Myocardial infarction is associated with oxidative stress and mitochondrial damage. However, the regulatory mechanisms underlying cardiomyocyte oxidative stress during myocardial infarction are not fully understood. In the present study, we explored the cardioprotective action of optic atrophy 1- (Opa1-) mediated mitochondrial autophagy (mitophagy) in oxidative stress-challenged cardiomyocytes, with a focus on mitochondrial homeostasis and the MAPK/ERK pathway. Our results demonstrated that overexpression of Opa1 in cultured rat H9C2 cardiomyocytes, a procedure that stimulates mitophagy, attenuates oxidative stress and increases cellular antioxidant capacity. Activation of Opa1-mediated mitophagy suppressed cardiomyocyte apoptosis by downregulating Bax, caspase-9, and caspase-12 and upregulating Bcl-2 and c-IAP. Using mitochondrial tracker staining and a reactive oxygen species indicator, our assays showed that Opa1-mediated mitophagy attenuated mitochondrial fission and reduced ROS production in cardiomyocytes. In addition, we found that inhibition of the MAPK/ERK pathway abolished the antioxidant action of Opa1-mediated mitophagy in these cells. Taken together, our data demonstrate that Opa1-mediated mitophagy protects cardiomyocytes against oxidative stress damage through inhibition of mitochondrial fission and activation of MAPK/ERK signaling. These findings reveal a critical role for Opa1 in the modulation of cardiomyocyte redox balance and suggest a potential target for the treatment of myocardial infarction.

1. Introduction

Oxidative stress in cardiomyocytes has been regarded as the primary pathological factor in many cardiovascular disorders including, but not limited to, diabetic cardiomyopathy, heart failure, myocardial hypertrophy, cardiac fibrosis, and dilated cardiomyopathy [13]. Particularly, recent studies have highlighted the important role of oxidative stress in the induction of myocardial infarction [2, 4, 5]. At the molecular level, oxidative stress induces the peroxidation of cellular membranes, including the mitochondrial membrane, the endoplasmic reticulum membrane, and the plasma membrane. Damage to the cellular membrane system disrupts cellular metabolism, accelerates cellular senescence, and promotes cell death [6, 7]. Although several antioxidative therapies have been developed to promote the recovery of cardiomyocyte function in cardiovascular disease, several questions remain regarding the upstream regulatory mechanisms controlling antioxidant responses in these cells [811].

Oxidative stress is primarily caused by excessive production and intracellular accumulation of reactive oxygen species (ROS) [12]. Since most cellular ROS are produced in the mitochondrion during oxidative phosphorylation [13], this organelle is widely recognized as a crucial target in the treatment of cardiovascular conditions [1416]. Whereas physiological (low) ROS levels serve signaling functions and contribute to adaptive responses to hypoxia, excess ROS overwhelms the cells’ antioxidant defenses and exacerbates mitochondrial ROS production to ultimately promote cell death [17]. Therefore, strategies aiming at protecting mitochondria and attenuating ROS production have great therapeutic potential in the management of cardiovascular disease [18]. Our previous study has reported a mitochondrial self-protection program involving mitochondrial autophagy (mitophagy) regulated by optic atrophy 1 (Opa1), a protein located at the inner mitochondrial membrane [19]. Moderate mitochondrial mitophagy promotes mitochondrial turnover, accelerates the recycling of damaged mitochondrial population, and blocks mitochondria-mediated cell death signaling [2023]. However, the role of Opa1-related mitophagy in modulating cellular oxidative stress is not fully understood, especially in the setting of myocardial infarction.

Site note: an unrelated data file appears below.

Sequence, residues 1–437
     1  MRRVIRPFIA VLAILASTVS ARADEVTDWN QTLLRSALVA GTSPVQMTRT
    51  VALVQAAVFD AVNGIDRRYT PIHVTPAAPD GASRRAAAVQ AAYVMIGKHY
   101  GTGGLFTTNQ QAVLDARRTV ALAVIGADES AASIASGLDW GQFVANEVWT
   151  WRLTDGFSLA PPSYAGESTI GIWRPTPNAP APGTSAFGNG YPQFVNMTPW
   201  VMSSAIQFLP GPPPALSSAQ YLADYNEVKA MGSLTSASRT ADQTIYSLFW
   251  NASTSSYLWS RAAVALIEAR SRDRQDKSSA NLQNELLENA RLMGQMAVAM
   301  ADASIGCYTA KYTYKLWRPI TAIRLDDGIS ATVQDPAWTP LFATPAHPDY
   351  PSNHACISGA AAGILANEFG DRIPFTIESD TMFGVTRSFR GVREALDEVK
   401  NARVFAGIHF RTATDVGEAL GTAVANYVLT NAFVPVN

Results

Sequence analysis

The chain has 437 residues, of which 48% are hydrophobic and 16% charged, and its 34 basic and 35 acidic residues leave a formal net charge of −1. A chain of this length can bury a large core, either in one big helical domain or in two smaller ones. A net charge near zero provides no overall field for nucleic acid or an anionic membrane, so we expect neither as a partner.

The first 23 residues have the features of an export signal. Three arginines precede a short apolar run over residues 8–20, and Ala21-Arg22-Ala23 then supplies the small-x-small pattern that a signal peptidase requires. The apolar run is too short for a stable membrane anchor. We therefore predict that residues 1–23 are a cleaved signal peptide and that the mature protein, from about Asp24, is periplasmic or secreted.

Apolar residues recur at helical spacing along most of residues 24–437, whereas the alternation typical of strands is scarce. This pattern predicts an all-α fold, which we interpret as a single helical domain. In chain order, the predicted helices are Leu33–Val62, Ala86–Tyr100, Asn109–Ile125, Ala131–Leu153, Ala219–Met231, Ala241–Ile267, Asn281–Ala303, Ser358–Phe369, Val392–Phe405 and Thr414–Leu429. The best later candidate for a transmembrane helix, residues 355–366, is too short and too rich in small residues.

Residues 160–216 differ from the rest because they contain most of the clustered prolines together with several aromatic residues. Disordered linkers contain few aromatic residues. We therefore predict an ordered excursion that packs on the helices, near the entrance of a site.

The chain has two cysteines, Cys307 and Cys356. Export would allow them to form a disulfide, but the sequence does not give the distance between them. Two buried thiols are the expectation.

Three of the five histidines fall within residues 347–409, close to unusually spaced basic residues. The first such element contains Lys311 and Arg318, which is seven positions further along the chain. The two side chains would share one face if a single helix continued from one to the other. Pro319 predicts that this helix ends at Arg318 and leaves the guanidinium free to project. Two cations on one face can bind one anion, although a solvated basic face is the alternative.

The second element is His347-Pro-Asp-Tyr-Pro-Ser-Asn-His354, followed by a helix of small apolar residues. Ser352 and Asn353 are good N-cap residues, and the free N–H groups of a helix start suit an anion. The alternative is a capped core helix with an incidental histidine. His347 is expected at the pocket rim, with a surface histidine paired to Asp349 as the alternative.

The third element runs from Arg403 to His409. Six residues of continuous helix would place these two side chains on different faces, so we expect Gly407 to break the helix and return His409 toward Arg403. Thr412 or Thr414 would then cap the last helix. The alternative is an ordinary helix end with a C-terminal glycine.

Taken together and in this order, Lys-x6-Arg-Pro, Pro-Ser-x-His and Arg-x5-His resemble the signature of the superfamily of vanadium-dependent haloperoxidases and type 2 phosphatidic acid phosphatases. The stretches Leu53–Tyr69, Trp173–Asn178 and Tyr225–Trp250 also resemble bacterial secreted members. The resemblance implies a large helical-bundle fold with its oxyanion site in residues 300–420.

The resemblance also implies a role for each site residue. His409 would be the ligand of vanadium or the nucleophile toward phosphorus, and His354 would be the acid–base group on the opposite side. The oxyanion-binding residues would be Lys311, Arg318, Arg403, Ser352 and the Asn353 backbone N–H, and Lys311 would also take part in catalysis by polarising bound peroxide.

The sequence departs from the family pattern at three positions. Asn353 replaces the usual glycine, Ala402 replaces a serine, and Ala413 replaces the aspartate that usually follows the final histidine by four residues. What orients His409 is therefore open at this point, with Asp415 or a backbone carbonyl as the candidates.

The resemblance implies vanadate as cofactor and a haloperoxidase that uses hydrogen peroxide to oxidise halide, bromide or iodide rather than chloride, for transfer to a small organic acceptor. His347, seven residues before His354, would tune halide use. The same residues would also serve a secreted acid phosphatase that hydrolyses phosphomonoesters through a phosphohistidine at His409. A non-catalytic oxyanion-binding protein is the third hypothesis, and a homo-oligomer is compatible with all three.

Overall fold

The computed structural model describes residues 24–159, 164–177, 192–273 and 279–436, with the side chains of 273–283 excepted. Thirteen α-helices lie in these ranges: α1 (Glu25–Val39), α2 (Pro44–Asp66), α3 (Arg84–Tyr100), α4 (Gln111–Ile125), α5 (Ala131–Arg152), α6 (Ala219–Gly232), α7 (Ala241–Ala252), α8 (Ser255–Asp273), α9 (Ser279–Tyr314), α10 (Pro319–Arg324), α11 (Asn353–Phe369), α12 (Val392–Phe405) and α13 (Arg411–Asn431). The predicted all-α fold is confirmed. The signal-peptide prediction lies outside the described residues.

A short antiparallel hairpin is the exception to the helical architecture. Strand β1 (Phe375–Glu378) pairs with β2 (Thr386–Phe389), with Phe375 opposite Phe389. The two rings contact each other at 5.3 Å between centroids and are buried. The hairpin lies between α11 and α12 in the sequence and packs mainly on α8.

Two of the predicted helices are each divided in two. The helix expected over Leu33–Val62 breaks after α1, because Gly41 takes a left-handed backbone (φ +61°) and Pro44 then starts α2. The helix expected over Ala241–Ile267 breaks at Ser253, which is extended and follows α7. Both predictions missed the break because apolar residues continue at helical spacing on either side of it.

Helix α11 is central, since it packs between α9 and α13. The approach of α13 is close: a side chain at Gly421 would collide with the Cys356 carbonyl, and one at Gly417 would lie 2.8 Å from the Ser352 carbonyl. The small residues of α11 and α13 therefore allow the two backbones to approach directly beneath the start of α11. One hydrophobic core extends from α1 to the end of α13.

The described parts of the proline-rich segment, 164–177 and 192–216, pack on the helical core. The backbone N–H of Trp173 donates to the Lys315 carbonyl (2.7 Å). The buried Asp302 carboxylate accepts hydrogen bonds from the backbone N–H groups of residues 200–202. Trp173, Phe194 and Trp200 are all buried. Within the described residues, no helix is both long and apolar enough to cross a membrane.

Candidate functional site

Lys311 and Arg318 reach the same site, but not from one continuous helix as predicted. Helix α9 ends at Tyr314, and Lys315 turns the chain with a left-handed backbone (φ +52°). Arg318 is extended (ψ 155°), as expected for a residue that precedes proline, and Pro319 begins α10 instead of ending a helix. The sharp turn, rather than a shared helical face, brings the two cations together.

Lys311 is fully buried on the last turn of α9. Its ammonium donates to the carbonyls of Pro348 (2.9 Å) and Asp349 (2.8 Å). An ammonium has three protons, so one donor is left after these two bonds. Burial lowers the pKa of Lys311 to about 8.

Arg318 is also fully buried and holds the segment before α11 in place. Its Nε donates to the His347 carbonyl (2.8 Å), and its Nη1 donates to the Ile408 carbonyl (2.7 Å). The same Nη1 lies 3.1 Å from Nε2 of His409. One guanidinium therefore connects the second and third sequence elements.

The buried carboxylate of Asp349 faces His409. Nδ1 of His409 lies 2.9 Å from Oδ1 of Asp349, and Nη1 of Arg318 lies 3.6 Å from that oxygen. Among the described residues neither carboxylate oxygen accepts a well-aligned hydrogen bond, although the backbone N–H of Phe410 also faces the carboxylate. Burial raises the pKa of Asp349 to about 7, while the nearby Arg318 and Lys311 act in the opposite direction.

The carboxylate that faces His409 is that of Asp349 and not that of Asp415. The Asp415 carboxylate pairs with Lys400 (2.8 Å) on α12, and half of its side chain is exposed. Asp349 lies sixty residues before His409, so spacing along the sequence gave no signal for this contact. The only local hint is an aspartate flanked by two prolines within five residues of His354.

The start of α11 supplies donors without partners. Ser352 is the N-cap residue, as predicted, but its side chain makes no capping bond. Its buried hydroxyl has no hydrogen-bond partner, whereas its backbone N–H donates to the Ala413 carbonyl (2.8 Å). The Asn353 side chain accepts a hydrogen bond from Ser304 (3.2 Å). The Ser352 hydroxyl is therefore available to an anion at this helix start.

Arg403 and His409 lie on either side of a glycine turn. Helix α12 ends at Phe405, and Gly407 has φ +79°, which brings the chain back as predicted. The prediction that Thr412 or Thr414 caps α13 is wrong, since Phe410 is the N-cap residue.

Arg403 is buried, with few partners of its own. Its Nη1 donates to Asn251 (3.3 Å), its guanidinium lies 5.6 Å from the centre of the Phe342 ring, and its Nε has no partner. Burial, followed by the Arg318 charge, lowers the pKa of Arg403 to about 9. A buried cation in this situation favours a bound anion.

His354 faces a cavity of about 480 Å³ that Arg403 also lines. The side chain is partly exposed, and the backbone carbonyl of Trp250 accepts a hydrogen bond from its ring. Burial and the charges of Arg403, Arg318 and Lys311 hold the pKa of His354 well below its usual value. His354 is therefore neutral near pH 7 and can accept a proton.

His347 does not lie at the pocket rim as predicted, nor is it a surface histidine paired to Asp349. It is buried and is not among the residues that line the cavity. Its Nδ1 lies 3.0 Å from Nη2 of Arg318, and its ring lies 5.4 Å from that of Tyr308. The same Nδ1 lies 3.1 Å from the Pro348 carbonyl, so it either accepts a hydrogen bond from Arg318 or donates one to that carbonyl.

Mitochondrial ROS production seems to be mainly affected by mitochondrial fission, a process necessary to control mitochondrial metabolism and oxidative phosphorylation [24, 25]. An increased mitochondrial population, as a result of mitochondrial fission, will accelerate glucose metabolism and therefore promote ATP production, an effect that is accompanied by enhanced ROS generation. Accordingly, inhibition of mitochondrial fission has been found to attenuate ROS levels in cardiomyocytes [26]. Although mitophagy serves as a mechanism to remove excess/fragmented organelles resulting from mitochondrial fission, it is unclear whether Opa1-mediated mitochondrial mitophagy exerts antioxidative effects through inhibition of mitochondrial fission.

The MAPK/ERK pathway has been reported as a main upstream regulator of mitochondrial fission [27]. Interestingly, there is also a close association between MAPK/ERK signaling and the activity of the cellular antioxidant system [28]. However, the relationship between Opa1-related mitochondrial mitophagy, the MAPK/ERK pathway, and mitochondrial fission remains unclear. Thus, in the present study, the hypothesis that Opa1-related mitophagy inhibits mitochondrial fission and oxidative stress through a mechanism involving the activation of the MAPK/ERK pathway was tested using control and Opa1-overexpressing H9C2 cardiomyocytes challenged with H2O2 to model myocardial infarction in vitro.

2. Materials and Methods

2.1. Cell Culture and Adenoviral Transduction

H9C2 cells were obtained from ATCC and cultured in DMEM/F12 supplemented with 10% FBS (Abcam, USA) at 37°C and 5% CO2 [29, 30]. Cells () were seeded in six-well plates and transduced with an Opa1-encoding adenovirus (Ad-Opa1; VENDOR) at 37°C for 48 h using Lipofectamine® 2000 (Invitrogen, USA) [31]. To induce oxidative stress damage, H2O2 (0.3 mM) was added into the medium of H9C2 cardiomyocytes for 12 h [32].

2.2. CCK-8 Assay

Control and Ad-Opa1-transduced H9C2 cells were seeded onto 96-well plates and incubated with H2O2 (0.3 mM) for 12 h. A CCK-8 reagent was then added to each well and incubated for 4 h. Absorbance was detected at 490 nm [33].